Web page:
The third day, when you open the urn, the fragrance fills the room, I quickly pour it into a silver bottle without waiting for it to scatter.
A hundred coins a cup and thick without sound, sweet dew with no turbidity as clear as ghee.
The lord does not see the bees in the south garden picking flowers like rain, who Heaven taught first to brew wine and inebriate the gentleman.
Over the past years the gentleman has become poor to the bone, did he ever beg for grain?
All things in the world truly is unclear and uncertain, but the honeybee's great victory keeps watch over the river.

This is way more of a recipe than I expected from a poem.

Something like:

  1. Boil honey and water (how much?) and place in an urn.
  2. At some point it will clarify.
  3. After clarifying, it'll become fragrant.  Bottle it and sell it for $$$.
There are a bunch of medium quality articles on the Chinese internet that I'm reading through as well.

This one (which seems to be ripped from this paper which I can only read the abstract of.  Chinese internet yaaaay) claims to have a few recipes for mead, including the one mentioned in the above poem.

They say, and I translate,

In 1082 CE, Su Shi [aka Su Dongpo] obtained the secret mead recipe from the Western Shu Daoist Yang Shichang, which used sticky rice and honey as ingredients.  I personally brewed an "open fermenter and the fragrance fills the walls" mead.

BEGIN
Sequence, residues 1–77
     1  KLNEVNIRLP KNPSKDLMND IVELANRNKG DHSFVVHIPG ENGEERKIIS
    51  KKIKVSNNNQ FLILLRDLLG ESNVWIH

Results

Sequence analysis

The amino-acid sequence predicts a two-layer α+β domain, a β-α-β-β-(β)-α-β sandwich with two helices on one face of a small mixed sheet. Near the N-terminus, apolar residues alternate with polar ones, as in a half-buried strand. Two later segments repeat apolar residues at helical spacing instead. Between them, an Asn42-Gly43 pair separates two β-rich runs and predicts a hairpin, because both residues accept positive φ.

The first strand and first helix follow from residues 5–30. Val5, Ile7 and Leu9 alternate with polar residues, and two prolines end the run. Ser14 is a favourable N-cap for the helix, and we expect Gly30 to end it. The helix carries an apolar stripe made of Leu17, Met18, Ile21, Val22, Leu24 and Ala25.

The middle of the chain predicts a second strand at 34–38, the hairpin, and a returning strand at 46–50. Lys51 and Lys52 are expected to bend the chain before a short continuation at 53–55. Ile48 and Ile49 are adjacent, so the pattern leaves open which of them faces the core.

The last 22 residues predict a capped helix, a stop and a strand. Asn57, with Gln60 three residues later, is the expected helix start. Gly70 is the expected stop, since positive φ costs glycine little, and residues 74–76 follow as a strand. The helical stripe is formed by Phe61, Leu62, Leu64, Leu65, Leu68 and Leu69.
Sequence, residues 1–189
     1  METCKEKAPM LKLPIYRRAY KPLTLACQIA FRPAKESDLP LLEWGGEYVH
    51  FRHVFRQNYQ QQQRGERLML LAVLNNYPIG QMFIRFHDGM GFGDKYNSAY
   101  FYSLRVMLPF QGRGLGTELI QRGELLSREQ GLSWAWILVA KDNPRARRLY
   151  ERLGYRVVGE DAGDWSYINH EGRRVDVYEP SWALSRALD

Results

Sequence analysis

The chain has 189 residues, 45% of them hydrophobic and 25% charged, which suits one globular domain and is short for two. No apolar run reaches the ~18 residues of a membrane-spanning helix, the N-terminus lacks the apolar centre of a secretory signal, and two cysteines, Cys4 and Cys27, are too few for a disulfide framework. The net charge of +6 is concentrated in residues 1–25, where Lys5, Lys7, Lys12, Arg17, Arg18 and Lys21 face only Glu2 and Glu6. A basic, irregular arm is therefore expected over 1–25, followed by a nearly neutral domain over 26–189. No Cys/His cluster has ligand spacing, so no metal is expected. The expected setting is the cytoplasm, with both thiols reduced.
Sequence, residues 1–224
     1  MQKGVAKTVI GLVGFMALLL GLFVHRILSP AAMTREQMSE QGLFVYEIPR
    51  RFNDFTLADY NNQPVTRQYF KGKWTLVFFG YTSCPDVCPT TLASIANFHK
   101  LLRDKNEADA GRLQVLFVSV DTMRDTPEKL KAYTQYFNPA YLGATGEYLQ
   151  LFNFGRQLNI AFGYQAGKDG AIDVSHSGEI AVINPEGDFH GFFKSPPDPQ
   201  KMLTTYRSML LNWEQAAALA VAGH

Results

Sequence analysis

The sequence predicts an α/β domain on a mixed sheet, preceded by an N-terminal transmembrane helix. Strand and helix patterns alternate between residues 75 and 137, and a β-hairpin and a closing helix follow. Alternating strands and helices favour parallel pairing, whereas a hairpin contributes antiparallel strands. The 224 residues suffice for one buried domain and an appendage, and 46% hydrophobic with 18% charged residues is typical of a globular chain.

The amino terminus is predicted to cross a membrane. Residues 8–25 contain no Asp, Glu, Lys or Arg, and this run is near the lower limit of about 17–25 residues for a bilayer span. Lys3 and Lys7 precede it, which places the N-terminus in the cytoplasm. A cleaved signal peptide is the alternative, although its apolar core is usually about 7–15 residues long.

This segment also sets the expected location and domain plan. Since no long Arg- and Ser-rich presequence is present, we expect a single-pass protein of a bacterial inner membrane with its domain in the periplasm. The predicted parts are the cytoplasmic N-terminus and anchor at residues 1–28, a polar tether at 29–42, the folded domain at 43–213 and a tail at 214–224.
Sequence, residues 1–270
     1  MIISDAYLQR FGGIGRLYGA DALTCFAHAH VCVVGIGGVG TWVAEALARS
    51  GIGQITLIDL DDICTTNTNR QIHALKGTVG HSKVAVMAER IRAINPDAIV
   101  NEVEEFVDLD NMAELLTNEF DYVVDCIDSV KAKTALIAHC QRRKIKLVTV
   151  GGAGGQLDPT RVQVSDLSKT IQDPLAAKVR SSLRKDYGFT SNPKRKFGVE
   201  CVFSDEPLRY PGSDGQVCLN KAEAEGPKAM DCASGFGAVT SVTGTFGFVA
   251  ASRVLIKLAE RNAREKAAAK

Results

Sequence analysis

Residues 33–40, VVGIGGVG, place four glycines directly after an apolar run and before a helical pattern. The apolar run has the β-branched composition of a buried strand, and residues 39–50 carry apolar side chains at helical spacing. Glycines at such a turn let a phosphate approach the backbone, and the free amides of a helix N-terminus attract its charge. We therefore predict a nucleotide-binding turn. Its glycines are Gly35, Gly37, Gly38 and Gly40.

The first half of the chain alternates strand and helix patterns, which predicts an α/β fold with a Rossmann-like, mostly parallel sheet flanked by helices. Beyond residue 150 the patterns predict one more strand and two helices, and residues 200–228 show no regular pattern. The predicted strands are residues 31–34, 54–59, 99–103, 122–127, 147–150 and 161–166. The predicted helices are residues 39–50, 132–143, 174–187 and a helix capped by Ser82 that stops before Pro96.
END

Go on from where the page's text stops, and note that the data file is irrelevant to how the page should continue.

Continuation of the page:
About the method for making "Dongpo mead," A Collection of the Records of Dongpo has this recorded: "My making of mead is built on [true one water disordered?], and for every dou of grain, use two and a half liang of steamed flour, like the normal method, take dregs from wine, and also put one liang of it into the steamed cakes to ferment them, and after three days, if the flavor is very hot and hard, and then add one dou of cooked grain to it; if it is sweet and soft, then every time you add cooked grain, add an additional half a liang; after another three days, add more, and it'll be done.  If all during fermentation the fermenter is full to the brim and you lose it from expansion, adding less water is advisable."
Tang dynasty pharmaceutical texts say that wine was from "millet, other millet, rice, honey, grapes and others" and that "Making wine or short-wine always requires yeast cakes, except honey and grapes, which alone do not. 

There are some leads here.  Hopefully I can get enough evidence to make a real recipe.